The amendment might allow US regulators to inspect audit reports of Chinese companies listed in New York. That could end a dispute between the two countries that threatened more than 200 Chinese firms with possible expulsion from the New York Stock Exchange or Nasdaq.
In the new draft rule published Saturday, the regulator struck out a requirement that examination of the financial documents of overseas-listed Chinese firms must be “mainly conducted by Chinese regulatory agencies.”
Instead, it says that inspections shall be “conducted through cross-border regulatory cooperation,” and the CSRC will provide assistance during the process.
The CSRC also said that all companies listed overseas will be responsible for properly managing confidential and sensitive information and protecting national security.
The draft rule has been issued for public consultation until April 17.
“The revision could potentially offer a long-term solution to the disputes on the audit requirement between China and the US, reducing the delisting risk of Chinese companies from US exchanges,” wrote Ken Cheung Kin Tai, chief Asian FX strategist at Mizuho Bank, in a note on Monday.
US regulators have long complained about the lack of access to the books of Chinese companies. But Beijing, citing national security concerns, has resisted such scrutiny. It requires companies that are traded overseas to hold their audits in mainland China, where they cannot be examined by foreign agencies.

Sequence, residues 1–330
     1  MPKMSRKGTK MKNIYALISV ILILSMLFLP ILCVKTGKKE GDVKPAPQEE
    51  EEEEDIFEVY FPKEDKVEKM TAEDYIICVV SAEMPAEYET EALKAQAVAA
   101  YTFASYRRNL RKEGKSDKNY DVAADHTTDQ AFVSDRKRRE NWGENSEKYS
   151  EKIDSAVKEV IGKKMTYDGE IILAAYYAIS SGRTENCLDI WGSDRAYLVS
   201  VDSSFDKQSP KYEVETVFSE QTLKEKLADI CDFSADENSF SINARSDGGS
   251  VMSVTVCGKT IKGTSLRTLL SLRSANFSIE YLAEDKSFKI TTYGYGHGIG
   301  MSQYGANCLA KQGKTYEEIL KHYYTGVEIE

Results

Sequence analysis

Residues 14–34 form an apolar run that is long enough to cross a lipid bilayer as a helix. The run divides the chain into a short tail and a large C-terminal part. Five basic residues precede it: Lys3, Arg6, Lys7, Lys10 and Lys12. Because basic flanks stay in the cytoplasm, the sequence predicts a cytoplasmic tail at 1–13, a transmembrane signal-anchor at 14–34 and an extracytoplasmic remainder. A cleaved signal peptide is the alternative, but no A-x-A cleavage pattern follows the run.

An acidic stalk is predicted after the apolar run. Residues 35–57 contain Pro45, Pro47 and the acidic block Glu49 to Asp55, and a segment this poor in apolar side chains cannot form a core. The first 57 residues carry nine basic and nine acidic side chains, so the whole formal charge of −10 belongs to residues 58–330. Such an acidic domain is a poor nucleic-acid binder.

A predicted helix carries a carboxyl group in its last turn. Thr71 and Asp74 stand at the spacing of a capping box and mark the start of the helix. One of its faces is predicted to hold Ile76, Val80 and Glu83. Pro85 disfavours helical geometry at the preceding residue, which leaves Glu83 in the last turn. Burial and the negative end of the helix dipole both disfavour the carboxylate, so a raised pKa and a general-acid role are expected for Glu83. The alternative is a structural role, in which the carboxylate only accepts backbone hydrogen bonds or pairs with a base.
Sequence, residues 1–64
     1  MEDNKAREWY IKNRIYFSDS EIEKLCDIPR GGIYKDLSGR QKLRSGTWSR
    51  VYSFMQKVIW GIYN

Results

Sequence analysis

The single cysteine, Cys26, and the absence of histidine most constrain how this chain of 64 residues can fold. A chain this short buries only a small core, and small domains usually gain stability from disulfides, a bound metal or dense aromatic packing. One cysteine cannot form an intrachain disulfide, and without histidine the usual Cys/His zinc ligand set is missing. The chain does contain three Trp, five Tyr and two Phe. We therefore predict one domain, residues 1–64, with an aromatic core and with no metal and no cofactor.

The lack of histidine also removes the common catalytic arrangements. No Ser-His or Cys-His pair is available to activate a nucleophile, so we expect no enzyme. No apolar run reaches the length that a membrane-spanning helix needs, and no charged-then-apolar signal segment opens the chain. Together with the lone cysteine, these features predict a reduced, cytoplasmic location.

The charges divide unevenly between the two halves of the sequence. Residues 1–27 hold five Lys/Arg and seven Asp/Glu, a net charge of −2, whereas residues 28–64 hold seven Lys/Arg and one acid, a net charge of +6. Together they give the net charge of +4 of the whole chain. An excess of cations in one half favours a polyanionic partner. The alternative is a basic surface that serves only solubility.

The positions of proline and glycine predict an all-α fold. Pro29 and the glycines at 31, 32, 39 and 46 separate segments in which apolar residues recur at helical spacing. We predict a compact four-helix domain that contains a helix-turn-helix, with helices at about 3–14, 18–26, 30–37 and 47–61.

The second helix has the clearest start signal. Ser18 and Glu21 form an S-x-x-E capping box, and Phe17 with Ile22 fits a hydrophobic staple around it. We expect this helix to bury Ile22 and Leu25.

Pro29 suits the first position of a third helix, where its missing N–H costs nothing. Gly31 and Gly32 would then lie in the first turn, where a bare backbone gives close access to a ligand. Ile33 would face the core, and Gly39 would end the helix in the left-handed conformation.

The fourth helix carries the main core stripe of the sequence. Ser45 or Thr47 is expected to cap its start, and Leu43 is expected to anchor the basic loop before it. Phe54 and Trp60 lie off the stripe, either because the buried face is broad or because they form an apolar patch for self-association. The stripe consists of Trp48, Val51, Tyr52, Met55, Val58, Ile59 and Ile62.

In late 2020, the Holding Foreign Companies Accountable Act was signed into law, giving the Securities and Exchange Commission power to kick foreign companies off Wall Street if they fail to allow US regulators to review their audits for three straight years.
Chinese tech stocks rebound
The Nasdaq Golden Dragon China Index, a popular index that tracks more than 90 Chinese companies that are traded in the United States, lost a quarter of its value within four trading sessions last month.
Markets welcomed the CSRC amendment, with Chinese tech stocks rallying in Hong Kong.
“The overhang on US-listed Chinese companies was partially removed,” said Mike Shiao, chief investment officer for Asia (excluding Japan) at Invesco.